Synge, Edward

, a pious and learned archbishop of Tuam in Ireland, was the second son of Edward, bishop of Cork, &c. and was born April the 6th, 1659, at Inishonaner, of which parish his father was then vicar. He was educated at the grammar school at Cork, and thence admitted a commoner at Christchurch, Oxford, where he tooTt the degree of B. A. but on his father’s death returned to Ireland, and finished his studies in the university of Drabiin. His first preferment was two small parishes in the di-ocese of Meath, both together of about the yearly value of 100l. These he exchanged for the vicarage of Christchurch in the city of Cork, of the same value, but one of the most painful and laborious cures in Ireland. This he served for above twenty years, mostly without any assistant; preached twice every Sunday, catechised, and discharged all the other duties of his function. Some ecclesiastical preferments, tenable with his great cure, were given him at different times by the bishops of Cork and Cloyne, which at last increased his income to near 400l. per annum. In this situation an offer was made him by government;,' in 1699, of the deanery of Derry; but, although this uras a dignity, and double in value to all that he had, yet he; declined it from a motive of filial piety. He would not; separate himself from an aged mother, who either could not, | or was unwilling, to be removed. Remaining therefore at Cork, he was chosen proctor for the chapter, in the convocation called in 1703. Soon after, the duke of Ormond, then lord-lieutenant of Ireland, gave him the crown’s title to the deanery of St. Patrick’s, in Dublin. But the chapter disputed this title, and claimed a right of election in themselves; and to assert this right, they chose Dr. John Sterne, then chancellor of the cathedral, their dean. The title of the crown being thus thought defective, and, after a full discussion of the point, found to be so,Dr. King, archbishop of Dublin, proposed an accommodation, which took place, and in consequence Dr. Sterne continued dean, and the archbishop gave the chancellorship to Mr. Synge.

This brought Mr. Synge to Dublin, though without any addition of income, or relaxation from labour, for the chancellor of St. Patrick’s, as such, has the care of the parish of St. Werburgh, one of the most populous in Dublin. This great cure Mr. Synge served for eight years, preaching almost constantly to a crowded audience. During this period he took his degree of D. D. and a new convocation being summoned in 1713, he was chosen proctor for the chapter of St. Patrick’s. On Dr. Sterne’s promotion to the see of Dromore, the archbishop of Dublin appointed Dr. Synge his vicar-general, in which office he continued until he was made bishop of Raphoe, in 17 14. His distinguished zeal for the revolution, and the Hanover succession, which had effectually obstructed his preferment in the latter years of queen Anne’s reign, now as effectually promoted it, for, in 1716, he was made archbishop of Tuam, over which see he presided about twentyfive years. He died at Tuam, July 24, 1741, aged eightytwo, and was buried in the church-yard of his own cathedral.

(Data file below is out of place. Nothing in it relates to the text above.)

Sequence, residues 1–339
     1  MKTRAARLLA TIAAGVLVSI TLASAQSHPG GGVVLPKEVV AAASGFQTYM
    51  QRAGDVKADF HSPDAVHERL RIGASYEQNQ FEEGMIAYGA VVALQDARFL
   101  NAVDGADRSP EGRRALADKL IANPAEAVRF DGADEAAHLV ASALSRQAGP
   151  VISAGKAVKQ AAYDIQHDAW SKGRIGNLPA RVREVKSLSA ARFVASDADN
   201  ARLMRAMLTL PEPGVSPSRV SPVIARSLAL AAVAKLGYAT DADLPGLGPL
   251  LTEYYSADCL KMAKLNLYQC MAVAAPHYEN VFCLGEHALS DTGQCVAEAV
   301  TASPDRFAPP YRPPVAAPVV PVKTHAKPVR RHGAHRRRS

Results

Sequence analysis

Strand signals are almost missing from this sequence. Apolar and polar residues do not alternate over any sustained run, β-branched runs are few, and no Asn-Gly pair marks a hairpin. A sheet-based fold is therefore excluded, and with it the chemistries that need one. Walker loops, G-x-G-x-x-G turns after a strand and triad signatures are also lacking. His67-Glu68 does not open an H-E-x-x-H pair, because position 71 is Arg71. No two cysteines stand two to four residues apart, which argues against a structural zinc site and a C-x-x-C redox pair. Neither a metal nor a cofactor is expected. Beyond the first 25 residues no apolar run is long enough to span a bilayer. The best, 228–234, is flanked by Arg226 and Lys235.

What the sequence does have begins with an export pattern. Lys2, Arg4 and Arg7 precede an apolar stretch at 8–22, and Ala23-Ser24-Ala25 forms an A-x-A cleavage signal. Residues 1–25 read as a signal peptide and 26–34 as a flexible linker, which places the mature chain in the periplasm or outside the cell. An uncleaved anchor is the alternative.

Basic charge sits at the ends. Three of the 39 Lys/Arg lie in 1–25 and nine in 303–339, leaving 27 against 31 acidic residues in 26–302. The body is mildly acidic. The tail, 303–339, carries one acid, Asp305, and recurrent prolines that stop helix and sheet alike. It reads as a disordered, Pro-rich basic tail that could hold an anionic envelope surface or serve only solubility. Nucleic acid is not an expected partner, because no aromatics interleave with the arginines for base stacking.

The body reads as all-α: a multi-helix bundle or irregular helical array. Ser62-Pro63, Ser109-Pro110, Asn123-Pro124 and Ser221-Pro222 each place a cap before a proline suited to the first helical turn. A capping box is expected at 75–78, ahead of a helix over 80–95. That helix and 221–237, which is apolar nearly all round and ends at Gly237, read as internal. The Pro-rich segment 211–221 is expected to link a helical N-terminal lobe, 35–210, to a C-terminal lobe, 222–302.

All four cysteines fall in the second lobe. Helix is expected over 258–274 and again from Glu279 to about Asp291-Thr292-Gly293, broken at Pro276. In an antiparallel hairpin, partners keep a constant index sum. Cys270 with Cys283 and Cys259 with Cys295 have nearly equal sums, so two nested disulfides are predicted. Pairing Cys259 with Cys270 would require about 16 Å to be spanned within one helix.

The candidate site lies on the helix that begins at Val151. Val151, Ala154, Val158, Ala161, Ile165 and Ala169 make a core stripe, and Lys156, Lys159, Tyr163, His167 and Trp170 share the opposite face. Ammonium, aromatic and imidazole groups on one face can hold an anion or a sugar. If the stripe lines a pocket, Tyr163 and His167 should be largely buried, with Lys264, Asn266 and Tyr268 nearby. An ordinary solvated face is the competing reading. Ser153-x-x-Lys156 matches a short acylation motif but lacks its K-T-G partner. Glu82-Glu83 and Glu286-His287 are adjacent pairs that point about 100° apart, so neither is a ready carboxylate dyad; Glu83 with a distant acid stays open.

It is remarkable of this prelate, that he was the son of one; bishop the nephew of another, namely, George Synge, bislnop of Cloyne and the father of two bishops, Edward, bishop of Elphin, and Nicholas, bishop of Killaloe. This learned divine, in the course of his ministry, composed and published several excellent treatises for the promotion of piety and virtue; they are written in a sensible, easy, and rational manner; and have been so well received by the public, as to go through many editions. His works form altogether 4 vols. 12mo, but consist of small tracts, whi ch are all printed separately for Rivingtons and others. It has been said of archbishop Synge, that his life was as | exemplary as his writings were instructive and that, “what he wrote he believed and what he believed he practised.1


Harris’s edition of Ware.~Biog. Brit.